IEC 61131-3: SOLID – Five principles for better software

In addition to the syntax of a programming language and the understanding of the most important libraries and frameworks, other methodologies – such as design patterns – belong to the fundamentals of software development. Aside from a design pattern, design principles are also a helpful tool in the development of software. SOLID is an acronym for five such design principles, which help developers to design software more understandable, more flexible and more maintainable.

In larger software projects, a great number of function blocks exist that are connected to each other via inheritance and references. These units interact by the calls of the function blocks and their methods. The interaction of the code units can unnecessarily complicate the extending or finding of errors if designed wrongly. In order to develop sustainable software, the function blocks should be modeled in such a way that they are easy to extend.

Many design patterns apply the SOLID principles to suggest an architectural approach for the respective task. The SOLID principles are not to be understood as rules, but rather as advice. They are a subset of many principles that an American software engineer and lecturer Robert C. Martin (also known as Uncle Bob) presented in his book (Amazon advertising link *) Clean Architecture: A Craftsman’s Guide to Software Structure and Design. The SOLID principles include:

  • Single Responsibility Principle (SRP)
  • Open/Closed Principle (OCP)
  • Liskov Substitution Principle (LSP)
  • Interface Segregation Principle (ISP)
  • Dependency Inversion Principle (DIP)

The principles shown here are hints that make it easier for a developer to improve code quality. The effort pays for itself after a short time, because changes will be easier, tests and debugging will be faster. Thus, the knowledge of these five design principles should be part of every software developer’s basic knowledge.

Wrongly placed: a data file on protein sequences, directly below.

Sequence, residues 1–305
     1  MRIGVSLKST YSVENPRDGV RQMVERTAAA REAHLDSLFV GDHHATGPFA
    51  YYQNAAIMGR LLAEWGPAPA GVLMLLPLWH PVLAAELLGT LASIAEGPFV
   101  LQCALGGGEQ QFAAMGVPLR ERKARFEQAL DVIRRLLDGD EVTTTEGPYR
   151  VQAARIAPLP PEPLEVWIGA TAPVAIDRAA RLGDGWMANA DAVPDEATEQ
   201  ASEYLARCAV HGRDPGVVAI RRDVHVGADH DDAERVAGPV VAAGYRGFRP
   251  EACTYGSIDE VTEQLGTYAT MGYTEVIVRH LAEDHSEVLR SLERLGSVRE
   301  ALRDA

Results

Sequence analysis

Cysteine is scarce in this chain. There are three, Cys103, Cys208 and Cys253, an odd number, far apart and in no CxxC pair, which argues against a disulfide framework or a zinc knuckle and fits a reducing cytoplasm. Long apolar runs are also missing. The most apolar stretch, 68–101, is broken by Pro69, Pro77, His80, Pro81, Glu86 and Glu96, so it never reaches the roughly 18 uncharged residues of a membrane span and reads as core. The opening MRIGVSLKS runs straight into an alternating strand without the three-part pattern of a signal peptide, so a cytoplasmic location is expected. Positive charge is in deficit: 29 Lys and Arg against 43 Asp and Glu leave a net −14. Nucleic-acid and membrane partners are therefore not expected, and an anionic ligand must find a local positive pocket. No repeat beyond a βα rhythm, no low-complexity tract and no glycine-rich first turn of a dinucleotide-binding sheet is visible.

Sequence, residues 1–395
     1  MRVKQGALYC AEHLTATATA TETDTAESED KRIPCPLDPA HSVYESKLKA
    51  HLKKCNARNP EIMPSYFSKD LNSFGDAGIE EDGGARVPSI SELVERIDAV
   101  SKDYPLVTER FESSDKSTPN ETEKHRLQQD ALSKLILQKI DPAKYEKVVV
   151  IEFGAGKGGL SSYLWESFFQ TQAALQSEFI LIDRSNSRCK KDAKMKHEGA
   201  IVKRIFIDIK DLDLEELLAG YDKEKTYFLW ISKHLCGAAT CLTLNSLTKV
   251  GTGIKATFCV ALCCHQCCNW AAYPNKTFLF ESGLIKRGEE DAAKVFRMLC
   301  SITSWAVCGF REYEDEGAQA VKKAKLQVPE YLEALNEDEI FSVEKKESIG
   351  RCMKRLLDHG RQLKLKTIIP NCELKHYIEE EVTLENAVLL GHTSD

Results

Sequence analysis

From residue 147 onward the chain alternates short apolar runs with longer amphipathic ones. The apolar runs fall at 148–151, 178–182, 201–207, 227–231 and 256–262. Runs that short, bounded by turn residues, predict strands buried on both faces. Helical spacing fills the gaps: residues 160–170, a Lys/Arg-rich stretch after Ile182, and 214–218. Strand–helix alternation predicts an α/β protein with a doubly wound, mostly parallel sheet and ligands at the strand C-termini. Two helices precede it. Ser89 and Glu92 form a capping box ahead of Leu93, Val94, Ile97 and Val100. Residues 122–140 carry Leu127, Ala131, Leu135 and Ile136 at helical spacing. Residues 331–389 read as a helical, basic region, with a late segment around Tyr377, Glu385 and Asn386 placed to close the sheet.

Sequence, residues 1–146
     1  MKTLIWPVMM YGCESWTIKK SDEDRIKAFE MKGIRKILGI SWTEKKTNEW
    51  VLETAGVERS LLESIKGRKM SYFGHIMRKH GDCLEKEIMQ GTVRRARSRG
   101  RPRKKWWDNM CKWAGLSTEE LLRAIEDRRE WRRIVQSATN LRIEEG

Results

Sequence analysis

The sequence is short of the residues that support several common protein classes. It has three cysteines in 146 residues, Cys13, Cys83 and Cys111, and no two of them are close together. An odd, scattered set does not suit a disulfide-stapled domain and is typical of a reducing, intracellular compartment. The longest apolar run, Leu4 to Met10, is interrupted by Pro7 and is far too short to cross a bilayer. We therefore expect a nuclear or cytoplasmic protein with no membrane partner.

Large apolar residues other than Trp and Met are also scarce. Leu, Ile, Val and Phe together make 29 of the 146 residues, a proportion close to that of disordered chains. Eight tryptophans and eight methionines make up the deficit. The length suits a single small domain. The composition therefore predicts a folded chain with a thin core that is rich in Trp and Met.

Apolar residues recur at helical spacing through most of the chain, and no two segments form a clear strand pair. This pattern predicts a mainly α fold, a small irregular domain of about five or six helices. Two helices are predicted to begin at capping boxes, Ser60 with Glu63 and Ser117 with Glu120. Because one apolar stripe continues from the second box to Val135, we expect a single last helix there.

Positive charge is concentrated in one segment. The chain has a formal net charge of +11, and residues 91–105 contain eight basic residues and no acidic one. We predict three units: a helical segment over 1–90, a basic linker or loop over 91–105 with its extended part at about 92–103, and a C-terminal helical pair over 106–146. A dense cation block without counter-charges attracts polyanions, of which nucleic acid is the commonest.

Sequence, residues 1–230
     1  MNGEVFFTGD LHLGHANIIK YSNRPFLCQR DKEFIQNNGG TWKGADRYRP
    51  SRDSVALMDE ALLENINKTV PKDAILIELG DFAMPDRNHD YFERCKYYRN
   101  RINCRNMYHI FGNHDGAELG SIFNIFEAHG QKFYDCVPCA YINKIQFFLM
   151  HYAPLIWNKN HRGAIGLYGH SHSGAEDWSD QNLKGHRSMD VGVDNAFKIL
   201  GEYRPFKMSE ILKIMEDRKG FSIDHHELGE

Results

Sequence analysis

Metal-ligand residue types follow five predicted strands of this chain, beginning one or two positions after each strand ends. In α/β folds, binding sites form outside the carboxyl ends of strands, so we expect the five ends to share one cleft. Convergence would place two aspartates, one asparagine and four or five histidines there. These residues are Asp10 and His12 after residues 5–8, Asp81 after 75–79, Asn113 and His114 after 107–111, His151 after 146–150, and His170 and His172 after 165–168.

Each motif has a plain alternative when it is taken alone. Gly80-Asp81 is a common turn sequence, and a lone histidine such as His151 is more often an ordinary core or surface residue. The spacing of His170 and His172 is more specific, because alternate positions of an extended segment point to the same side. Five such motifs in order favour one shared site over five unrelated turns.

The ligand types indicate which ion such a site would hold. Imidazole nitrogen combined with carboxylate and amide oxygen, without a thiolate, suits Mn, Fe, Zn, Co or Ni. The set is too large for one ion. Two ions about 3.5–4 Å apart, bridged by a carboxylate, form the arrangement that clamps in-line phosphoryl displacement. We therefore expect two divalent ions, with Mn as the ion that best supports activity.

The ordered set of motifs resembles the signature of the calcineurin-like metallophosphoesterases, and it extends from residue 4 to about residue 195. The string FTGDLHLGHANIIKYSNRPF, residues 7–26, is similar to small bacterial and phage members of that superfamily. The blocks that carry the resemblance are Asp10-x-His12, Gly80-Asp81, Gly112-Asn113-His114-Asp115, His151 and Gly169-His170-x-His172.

Single Responsibility Principle (SRP)

A function block should have only one responsibility. If the functionality of a program is changed, this should have effects only on few function blocks. Many small function blocks are better than a few large ones. The code appears at first sight more extensive, but it is easier to organize. A program with many smaller function blocks, each for a special task, is easier to maintain, than few large function blocks, claiming to cover everything.

Open/Closed Principle (OCP)

According to the Open/Closed Principle, function blocks should be open for extensions but closed for changes. The implementation of extensions should only be achieved by adding code, not by changing existing code. A good example of this principle is inheritance. A new function block inherits from an existing function block. New functions can thus be added without having to change the existing function block. It is not even necessary to have the program code.

Liskov Substitution Principle (LSP)

Liskov Substitution Principle requires that derived function blocks must always be usable in place of their basic function blocks. Derived function blocks must behave like their basic function blocks. A derived function block may extend the base function block, but not restrict it.

Interface Segregation Principle (ISP)

Many customized interfaces are better than one universal interface. Accordingly, an interface may only contain those functions that really belong together closely. Comprehensive interfaces create links between otherwise independent program parts. Thus, the Interface Segregation Principle has a similar goal as the Single Responsibility Principle. However, there are different approaches to the implementation of these two principles.

Dependency Inversion Principle (DIP)

Function blocks are often linearly interdependent in one direction. A function block for logging messages calls methods of another function block to write data to a database. There is a fixed dependency between the function block for logging and the function block for accessing the database. The Dependency Inversion Principle resolves this fixed dependency by defining a common interface. This is implemented by the block for the database access.


In the following posts, I will introduce the individual SOLID principles in more detail and try to explain them using an example. The sample program from my post IEC 61131-3: The Command Pattern serves as a basis. With each SOLID principle, I will try to optimize the program further.

I will start shortly with the Dependency Inversion Principle (DIP).

Author: Stefan Henneken

I’m Stefan Henneken, a software developer based in Germany. This blog is just a collection of various articles I want to share, mostly related to Software Development.

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